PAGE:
ST. JOHN'S, N.L. — Peter Francis was surprised on the night of Jan. 25 when he was pulled over on Kenmount Road and issued a speeding ticket.
The St. John’s man was even more surprised months later about what he discovered on the provincial government document used by police officers to record information about alleged Highway Traffic Act violations.
Francis — who is originally from Egypt, but has lived in Canada since 1997 and in this province since 2012 — was handed the document by the Crown prosecutor on the case at traffic court at provincial court, where Francis appeared last week to contest the ticket. The document was part of the disclosure package — the police officer’s information regarding the incident — which is not made public unless it comes to court.
While skimming over the information, Francis was taken aback to see a category for “Race,” with two boxes to choose from — W and NW, meaning white and non-white.
The officer who had pulled Francis over had put an X in the NW box.
“I had to do a double-take when I saw this check box. Are you kidding me?” Francis wrote May 10 on his Facebook post shortly after leaving the courtroom.
“Those of you who know me well know that I’m 100% for accountability and personal responsibility. I’m the last person to play the victim and I’m definitely not in this case.
“I just cannot get my head around a police officer needing to fill in a check box about the driver’s race and the options are white and non-white? How is this supposed to help your case? How is this remotely relevant?”
“I’m not offended. I’m not accusing anybody of being discriminatory or racist. But I am concerned if things like that continue to be used, one day they could be used to be discriminatory.” — Peter Francis
Francis went on to say that he tried to justify it as a means by the officer of describing the driver’s physical characteristics for identity purposes. However, Francis was quick to point out that none of the other fields — height, weight, eye colour, hair colour — were filled in.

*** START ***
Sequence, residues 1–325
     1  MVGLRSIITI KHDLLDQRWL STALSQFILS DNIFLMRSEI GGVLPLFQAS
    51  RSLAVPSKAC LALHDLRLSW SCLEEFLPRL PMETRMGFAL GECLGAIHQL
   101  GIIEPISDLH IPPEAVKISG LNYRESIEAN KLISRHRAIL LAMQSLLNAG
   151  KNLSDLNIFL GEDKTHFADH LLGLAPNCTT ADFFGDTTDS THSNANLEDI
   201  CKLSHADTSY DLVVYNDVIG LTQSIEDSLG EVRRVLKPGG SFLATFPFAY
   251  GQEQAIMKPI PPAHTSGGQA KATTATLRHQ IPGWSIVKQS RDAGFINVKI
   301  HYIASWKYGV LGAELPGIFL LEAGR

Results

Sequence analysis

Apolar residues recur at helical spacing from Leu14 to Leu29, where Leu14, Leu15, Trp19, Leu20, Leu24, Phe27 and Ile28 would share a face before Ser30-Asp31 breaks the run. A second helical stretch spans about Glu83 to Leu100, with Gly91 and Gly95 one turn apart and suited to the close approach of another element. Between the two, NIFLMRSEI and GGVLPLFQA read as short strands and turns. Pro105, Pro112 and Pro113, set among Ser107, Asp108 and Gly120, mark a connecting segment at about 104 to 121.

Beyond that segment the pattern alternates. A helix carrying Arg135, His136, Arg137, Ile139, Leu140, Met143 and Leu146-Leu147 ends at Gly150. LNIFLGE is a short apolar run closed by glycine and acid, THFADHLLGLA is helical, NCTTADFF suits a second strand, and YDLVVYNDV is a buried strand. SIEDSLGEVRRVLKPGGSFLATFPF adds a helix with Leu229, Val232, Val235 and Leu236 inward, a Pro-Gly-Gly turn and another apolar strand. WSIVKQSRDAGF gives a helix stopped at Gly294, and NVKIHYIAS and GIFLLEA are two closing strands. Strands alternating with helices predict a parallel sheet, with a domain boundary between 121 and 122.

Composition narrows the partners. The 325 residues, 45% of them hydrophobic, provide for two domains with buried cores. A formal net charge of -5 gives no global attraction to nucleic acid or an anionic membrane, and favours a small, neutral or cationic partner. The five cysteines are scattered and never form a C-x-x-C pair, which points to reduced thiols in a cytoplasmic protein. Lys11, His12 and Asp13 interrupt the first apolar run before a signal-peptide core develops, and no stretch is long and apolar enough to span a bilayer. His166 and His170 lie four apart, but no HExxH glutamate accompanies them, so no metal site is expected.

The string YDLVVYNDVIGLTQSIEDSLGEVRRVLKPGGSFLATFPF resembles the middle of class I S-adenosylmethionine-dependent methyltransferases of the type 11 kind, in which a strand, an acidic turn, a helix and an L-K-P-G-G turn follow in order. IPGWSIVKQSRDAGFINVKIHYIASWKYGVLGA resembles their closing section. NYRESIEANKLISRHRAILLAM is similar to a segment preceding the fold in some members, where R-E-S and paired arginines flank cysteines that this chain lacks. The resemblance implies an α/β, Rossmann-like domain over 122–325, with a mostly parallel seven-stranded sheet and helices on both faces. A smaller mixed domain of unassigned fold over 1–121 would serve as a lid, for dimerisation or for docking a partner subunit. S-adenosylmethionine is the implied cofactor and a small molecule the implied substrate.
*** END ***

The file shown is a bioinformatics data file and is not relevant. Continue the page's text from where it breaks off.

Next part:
“Someone please explain this to me,” he wrote.
When contacted by The Telegram Monday, Francis said it’s troubling that race is categorized by those two selections. While he’s not claiming he was victimized, he said the government should reassess and reconsider using such documents because some might find it inappropriate.
“I’m concerned because I grew up in a country where you have to have your religion on your national identification and I know that that was used for discriminatory purposes,” the 34-year-old said.
“I’m not offended. I’m not accusing anybody of being discriminatory or racist. But I am concerned if things like that continue to be used, one day they could be used to be discriminatory.”
Francis — who didn’t want to be identified in a photograph — said he’s more interested in knowing from the government why officers have to use such information.
“Maybe there’s a practical, logical reason,” he said, “but I honestly can’t think of one.”
At first, it was difficult for The Telegram to find out who was actually responsible for producing the form for police use.
When The Telegram contacted the RNC, calls were directed to the Justice Department.
The Justice Department then redirected The Telegram back to the RNC, which it determined had created the form.
According to RNC media relations officer Const. James Cadigan, the use of W or NW as an identifier was flagged on the last review of the summary offence tickets in 2013 as being “an improper way to identify a subject, and it should have been removed.”
“It was an oversight that it remained on the back of the ticket,” added Cadigan, who said it’s difficult to know how long before 2013 the form had been used.
He noted that the form does not appear on the summons, court copy or the ticket processing copy of the ticket. It appears on the police copy of the ticket and forms part of the police officer’s notes, “for the purpose of assisting the officer recall the identity of the subject.”
He went on to say, “Now that you have brought this to our attention, we can address this again and have it removed.”
Having heard the news from The Telegram, Francis was relieved and grateful.
“I’m glad that the whole incident resulted in a positive change,” he said.
“I’m thankful to live in this great country where the average citizen can voice their concern with something like this and actually see it corrected. I don’t take it for granted.
“Very few people around the world can actually contest a charge brought against them by police. It’s a great privilege.”
As it turned out, the officer involved in Francis’s speeding ticket case did not show up in court, and Francis was successful in contesting the ticket.